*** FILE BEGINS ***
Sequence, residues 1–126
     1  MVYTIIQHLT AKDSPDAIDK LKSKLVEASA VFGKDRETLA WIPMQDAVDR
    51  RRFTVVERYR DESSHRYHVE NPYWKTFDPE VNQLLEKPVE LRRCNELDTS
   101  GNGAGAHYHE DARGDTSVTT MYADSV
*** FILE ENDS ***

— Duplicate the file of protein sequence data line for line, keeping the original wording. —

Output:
Sequence, residues 1–126
     1  MVYTIIQHLT AKDSPDAIDK LKSKLVEASA VFGKDRETLA WIPMQDAVDR
    51  RRFTVVERYR DESSHRYHVE NPYWKTFDPE VNQLLEKPVE LRRCNELDTS
   101  GNGAGAHYHE DARGDTSVTT MYADSV